“The [entire] course may not be quite as hard as Mendrisio but the [first] hill is,” says Trevorrow. “And now, this new twist at the bottom of the second hill with the new bridge, it puts a stop on you – you don’t get a run at it, and that second hill becomes nearly as tough as the first one.”

At the crest of Aphrasia Street, riders face 6.2km of undulating roads that includes a 1.6km run along the crosswind-prone Eastern Beach Esplanade to the start/finish in Moorabool Street, with the final 750m slightly uphill.

A Stuttgart or Salzburg type of course

“I’d say there’s greater periods of recovery on the Geelong circuit,” said Evans, “[whereas] on the Mendrisio circuit, what really worked to my advantage when we got into the final was that everybody was left on their own and pretty exhausted, and that’s why the race suited me.”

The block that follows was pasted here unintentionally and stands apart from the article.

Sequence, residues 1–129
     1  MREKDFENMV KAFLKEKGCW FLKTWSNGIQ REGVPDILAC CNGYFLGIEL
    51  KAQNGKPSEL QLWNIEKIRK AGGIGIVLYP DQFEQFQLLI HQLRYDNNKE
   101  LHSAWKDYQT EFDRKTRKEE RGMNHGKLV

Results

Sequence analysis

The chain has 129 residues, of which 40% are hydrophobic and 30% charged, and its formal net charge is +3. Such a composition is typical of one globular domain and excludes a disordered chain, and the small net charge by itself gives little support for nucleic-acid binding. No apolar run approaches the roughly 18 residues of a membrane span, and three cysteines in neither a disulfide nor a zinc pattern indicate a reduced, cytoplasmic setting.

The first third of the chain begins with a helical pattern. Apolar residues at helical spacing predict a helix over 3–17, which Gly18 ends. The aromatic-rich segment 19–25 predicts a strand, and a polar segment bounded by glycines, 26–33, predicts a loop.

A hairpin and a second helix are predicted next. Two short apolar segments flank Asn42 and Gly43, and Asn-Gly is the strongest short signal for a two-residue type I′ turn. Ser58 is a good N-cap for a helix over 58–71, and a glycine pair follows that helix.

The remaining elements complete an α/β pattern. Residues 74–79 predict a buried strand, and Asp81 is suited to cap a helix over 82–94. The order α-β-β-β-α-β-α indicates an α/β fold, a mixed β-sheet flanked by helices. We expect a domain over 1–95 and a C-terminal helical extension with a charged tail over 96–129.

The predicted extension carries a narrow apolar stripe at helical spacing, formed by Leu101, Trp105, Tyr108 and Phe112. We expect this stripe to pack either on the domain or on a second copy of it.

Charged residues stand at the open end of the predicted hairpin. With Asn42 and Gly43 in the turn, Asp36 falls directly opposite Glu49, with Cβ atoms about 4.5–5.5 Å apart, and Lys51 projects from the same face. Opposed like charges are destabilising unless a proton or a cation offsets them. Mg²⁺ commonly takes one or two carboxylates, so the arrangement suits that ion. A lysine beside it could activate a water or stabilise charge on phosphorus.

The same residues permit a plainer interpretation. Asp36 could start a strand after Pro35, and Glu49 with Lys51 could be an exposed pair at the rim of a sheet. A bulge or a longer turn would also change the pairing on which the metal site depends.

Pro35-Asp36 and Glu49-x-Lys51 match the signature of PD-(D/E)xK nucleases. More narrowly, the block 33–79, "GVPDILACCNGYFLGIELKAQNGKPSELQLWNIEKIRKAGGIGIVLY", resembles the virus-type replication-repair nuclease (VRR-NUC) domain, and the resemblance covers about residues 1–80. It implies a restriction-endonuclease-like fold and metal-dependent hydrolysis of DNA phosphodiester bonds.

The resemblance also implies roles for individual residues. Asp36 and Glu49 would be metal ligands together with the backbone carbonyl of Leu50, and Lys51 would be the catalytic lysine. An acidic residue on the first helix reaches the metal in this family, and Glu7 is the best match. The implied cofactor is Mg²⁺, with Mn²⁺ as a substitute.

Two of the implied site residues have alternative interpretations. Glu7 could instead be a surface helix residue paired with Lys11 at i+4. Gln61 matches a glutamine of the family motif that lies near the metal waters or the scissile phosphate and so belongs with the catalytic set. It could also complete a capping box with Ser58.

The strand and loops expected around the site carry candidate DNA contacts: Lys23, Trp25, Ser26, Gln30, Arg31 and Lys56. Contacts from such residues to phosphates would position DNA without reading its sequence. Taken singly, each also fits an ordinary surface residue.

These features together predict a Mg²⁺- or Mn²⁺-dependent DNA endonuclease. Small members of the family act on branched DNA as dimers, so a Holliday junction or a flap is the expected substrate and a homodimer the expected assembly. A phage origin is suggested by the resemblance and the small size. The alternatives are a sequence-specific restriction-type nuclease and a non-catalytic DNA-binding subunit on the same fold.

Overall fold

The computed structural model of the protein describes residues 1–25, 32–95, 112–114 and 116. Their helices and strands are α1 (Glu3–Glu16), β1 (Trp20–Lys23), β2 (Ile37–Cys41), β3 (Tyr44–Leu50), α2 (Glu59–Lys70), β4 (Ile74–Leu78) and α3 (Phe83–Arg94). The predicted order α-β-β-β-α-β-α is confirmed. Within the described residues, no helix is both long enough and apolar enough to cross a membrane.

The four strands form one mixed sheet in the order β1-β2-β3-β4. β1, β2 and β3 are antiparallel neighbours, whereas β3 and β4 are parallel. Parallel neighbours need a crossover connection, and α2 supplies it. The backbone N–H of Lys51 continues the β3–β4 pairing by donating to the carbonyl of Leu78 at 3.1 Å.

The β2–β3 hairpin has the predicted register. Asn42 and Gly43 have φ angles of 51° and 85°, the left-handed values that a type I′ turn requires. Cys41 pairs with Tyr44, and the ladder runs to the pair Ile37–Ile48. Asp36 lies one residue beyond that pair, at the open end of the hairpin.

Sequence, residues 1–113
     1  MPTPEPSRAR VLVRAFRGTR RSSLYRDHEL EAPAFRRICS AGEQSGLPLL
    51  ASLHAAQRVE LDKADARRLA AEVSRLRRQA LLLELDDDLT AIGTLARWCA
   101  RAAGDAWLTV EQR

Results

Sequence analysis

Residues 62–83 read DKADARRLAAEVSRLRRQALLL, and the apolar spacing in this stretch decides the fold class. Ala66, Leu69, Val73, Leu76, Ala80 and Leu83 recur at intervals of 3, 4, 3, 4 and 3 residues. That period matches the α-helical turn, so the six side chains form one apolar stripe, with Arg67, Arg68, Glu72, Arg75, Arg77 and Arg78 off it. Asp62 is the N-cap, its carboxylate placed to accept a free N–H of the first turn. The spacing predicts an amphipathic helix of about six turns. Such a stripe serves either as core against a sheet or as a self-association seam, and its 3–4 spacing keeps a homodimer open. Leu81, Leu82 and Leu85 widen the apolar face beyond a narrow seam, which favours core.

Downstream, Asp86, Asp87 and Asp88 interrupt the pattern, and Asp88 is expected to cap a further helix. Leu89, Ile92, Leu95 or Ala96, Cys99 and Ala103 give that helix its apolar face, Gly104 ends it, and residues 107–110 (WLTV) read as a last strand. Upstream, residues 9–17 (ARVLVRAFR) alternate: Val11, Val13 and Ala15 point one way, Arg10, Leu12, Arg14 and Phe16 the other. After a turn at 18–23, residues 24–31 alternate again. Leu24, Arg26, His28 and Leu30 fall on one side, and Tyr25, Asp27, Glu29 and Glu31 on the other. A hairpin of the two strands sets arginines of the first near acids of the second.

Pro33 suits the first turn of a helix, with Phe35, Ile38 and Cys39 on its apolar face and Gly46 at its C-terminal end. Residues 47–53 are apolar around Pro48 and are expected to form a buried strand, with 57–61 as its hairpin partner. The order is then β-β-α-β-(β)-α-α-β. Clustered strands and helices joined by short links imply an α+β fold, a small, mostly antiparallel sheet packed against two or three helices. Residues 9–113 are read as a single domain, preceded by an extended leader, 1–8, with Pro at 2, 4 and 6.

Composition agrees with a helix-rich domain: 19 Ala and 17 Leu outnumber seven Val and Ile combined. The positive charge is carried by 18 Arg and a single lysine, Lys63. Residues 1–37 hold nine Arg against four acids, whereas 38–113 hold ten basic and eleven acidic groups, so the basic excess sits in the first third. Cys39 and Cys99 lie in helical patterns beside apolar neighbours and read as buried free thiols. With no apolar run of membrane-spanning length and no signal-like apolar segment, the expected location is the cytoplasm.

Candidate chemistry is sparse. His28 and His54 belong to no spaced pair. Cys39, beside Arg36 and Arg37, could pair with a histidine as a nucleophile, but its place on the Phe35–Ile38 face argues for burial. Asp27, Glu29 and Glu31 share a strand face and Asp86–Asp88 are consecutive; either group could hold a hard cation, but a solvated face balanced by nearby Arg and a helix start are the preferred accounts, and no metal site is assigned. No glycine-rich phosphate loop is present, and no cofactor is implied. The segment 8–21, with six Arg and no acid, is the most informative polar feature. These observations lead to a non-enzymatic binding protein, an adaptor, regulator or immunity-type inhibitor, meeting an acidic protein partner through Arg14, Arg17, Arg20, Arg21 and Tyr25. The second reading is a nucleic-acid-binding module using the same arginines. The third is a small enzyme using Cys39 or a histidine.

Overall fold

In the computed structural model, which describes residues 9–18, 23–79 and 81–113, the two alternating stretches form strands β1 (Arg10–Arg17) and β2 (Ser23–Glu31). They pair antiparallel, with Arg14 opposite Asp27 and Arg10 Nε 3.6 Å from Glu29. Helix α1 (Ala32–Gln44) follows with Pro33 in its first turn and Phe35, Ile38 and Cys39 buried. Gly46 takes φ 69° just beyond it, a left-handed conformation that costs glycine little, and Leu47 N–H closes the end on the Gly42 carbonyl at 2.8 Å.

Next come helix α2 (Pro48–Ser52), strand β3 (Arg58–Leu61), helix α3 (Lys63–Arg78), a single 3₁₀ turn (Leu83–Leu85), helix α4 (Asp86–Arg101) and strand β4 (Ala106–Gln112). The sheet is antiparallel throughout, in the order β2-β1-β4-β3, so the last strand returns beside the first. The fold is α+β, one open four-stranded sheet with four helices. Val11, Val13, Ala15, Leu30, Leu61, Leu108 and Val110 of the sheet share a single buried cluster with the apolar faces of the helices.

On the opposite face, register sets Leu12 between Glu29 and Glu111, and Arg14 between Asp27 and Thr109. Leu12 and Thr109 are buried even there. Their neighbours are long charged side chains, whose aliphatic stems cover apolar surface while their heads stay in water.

Asked to compare this year’s parcours with other worlds courses, Bannan, who is also Cycling Australia’s national performance director and head coach of the Australian Institute of Sport cycling program, had this to say: “This course is probably a little bit more difficult than Madrid [in 2005], so it’s around a Stuttgart [2007] or Salzburg [2006] type of course.

“The big difference being – and this is where it could play a significant difference in how the course is raced – is that the [elevation gain] is in the last 180 kilometers, as opposed to 3,076 meters being spread over the [entire] 260-kilometer distance,” Bannan said.